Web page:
Performance art

Barbara Kruger to stage first live performance for New York’s Performa festival

The work Untitled (The Drop) will take place on three consecutive Thursdays in November

Barbara Kruger, Untitled (Whose) (2017) Barbara Kruger

The artist Barbara Kruger, best known for her text-based photo works that riff critically on the mass media, is due to stage her “first live performance” as part of New York’s Performa Biennial on 2 November, according to the art festival’s calendar. But the event’s organisers are keeping the details surrounding Kruger’s upcoming work, Untitled (The Drop), secret for now. “We want to allow these things to seep out gradually, so that will be the last part of the story,” says RoseLee Goldberg, Performa’s founder and director. What is known is that the performance will take place on three consecutive Thursdays in November, from 4 pm to 8 pm, at the Markus Miessen-designed Hub in SoHo, the festival’s headquarters. Tickets are $5.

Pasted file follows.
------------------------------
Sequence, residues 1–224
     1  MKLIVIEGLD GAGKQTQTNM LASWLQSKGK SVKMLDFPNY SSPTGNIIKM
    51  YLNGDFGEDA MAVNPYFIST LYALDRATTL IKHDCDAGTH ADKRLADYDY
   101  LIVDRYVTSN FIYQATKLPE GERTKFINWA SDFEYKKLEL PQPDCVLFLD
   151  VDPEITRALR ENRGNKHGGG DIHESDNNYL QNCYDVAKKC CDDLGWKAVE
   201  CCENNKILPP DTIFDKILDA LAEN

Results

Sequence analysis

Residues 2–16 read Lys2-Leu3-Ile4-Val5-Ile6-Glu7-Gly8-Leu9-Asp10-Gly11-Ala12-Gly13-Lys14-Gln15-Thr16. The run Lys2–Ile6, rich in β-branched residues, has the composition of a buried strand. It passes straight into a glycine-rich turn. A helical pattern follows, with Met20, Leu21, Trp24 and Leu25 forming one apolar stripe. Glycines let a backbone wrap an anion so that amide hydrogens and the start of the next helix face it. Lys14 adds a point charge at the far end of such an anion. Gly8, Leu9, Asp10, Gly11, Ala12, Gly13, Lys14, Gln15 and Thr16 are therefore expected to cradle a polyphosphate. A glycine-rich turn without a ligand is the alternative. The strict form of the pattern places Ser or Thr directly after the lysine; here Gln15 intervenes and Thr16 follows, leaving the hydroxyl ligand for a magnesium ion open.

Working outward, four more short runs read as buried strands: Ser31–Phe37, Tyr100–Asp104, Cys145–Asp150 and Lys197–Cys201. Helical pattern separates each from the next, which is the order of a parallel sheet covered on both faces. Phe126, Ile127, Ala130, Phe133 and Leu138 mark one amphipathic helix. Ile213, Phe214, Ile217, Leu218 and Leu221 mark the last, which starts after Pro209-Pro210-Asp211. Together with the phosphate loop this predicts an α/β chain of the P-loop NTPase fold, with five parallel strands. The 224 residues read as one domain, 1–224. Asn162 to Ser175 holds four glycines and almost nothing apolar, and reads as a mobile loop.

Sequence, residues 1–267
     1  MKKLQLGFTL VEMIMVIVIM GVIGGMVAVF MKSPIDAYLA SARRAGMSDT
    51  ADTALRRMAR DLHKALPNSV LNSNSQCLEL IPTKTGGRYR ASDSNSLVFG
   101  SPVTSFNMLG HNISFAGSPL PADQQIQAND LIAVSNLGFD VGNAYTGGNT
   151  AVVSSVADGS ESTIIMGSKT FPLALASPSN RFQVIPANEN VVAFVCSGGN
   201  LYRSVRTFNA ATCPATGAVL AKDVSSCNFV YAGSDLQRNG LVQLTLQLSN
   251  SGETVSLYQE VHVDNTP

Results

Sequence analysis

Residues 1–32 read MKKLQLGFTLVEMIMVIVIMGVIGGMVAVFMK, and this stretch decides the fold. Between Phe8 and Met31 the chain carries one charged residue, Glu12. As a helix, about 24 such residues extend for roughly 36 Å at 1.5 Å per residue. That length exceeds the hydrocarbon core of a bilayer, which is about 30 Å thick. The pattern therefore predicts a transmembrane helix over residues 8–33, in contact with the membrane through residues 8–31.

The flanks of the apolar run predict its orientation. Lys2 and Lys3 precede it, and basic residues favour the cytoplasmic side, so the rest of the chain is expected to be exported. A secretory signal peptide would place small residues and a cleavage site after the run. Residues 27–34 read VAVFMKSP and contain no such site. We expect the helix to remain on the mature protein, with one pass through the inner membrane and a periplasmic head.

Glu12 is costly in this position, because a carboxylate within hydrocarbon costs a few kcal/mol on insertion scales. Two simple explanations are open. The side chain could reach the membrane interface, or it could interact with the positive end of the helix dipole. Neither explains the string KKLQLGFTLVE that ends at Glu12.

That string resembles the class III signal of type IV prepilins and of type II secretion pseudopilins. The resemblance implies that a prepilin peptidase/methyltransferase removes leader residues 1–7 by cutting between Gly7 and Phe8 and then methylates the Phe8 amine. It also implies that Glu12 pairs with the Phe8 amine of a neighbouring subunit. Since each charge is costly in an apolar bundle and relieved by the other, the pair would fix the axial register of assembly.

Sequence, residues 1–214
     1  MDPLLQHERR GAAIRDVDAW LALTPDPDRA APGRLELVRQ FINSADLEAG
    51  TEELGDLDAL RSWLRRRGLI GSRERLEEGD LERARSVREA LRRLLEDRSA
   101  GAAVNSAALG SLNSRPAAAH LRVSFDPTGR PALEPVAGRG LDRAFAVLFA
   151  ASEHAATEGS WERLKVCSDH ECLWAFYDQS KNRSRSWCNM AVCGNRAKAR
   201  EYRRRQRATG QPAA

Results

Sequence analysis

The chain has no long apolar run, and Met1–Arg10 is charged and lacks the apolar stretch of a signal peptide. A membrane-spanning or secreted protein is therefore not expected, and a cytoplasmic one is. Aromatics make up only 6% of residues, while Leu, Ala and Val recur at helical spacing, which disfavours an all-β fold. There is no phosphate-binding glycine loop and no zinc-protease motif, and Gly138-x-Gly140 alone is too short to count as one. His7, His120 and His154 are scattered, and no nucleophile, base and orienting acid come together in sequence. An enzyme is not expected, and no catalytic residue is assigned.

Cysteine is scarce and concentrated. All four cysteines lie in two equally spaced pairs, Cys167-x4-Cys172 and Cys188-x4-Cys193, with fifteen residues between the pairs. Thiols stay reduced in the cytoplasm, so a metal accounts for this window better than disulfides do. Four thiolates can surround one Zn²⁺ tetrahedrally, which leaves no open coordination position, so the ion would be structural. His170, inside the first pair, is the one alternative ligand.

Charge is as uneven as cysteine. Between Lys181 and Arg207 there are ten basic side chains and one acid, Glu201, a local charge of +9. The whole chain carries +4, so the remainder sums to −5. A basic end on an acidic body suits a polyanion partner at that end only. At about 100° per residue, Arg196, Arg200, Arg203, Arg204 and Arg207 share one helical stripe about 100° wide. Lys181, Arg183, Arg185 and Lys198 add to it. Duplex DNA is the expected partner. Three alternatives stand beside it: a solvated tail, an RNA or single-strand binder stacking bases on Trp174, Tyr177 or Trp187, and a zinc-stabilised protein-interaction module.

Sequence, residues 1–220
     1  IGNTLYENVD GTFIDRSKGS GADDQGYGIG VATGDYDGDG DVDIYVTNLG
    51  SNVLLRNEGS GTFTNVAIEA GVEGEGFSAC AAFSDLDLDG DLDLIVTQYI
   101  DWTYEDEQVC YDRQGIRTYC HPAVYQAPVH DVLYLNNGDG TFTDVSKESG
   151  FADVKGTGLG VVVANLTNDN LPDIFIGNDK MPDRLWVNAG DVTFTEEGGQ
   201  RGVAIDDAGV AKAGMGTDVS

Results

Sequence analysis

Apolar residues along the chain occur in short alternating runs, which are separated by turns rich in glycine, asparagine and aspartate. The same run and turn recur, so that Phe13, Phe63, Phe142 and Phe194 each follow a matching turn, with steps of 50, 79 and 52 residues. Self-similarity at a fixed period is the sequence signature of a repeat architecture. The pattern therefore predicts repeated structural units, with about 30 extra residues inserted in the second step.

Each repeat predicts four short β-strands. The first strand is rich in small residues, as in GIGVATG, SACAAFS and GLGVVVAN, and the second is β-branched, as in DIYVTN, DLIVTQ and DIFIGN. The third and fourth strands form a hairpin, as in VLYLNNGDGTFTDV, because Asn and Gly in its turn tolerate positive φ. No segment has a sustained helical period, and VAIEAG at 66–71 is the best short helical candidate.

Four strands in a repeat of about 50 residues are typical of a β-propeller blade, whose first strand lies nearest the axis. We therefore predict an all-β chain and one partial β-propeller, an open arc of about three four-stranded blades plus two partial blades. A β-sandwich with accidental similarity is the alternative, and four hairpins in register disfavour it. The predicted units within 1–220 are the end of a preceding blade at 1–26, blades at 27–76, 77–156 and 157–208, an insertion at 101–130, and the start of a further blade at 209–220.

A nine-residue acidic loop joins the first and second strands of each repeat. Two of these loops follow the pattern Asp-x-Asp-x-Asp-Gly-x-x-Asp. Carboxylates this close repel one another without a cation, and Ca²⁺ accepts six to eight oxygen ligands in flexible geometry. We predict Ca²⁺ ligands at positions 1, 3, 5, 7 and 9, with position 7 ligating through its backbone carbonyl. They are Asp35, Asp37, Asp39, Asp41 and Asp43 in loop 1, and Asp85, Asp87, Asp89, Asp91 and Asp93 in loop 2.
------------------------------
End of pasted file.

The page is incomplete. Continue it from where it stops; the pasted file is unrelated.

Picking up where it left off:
Kruger will unveil several other projects at the performance art festival—she has even lent a hand to its branding—which opens across multiple venues throughout the city in November. She is installing her signature white-on-red text banners at the Lower Eastside Skatepark below Manhattan Bridge, where skaters will ride over and around statements such as “Whose hopes? Whose fears? Whose values? Whose justice?” Kruger is also creating a billboard that will rise above Chelsea at 17th and 10th streets and is completely enfolding a school bus in texts that the festival will then use as a mobile site for community outreach. For Goldberg, even when static, all of Kruger’s projects are performative, turned on by their interactions with each other and the activity around them.

Goldberg approached Kruger with the commission last year, shortly after the US presidential election, because her statements “felt like they were all about the political times in which we’re living,” she says. According to the director, Kruger was eager to display her work as publicly as possible. “I said: ‘Let’s make this Barbara Kruger takes New York,’” Goldberg recalls.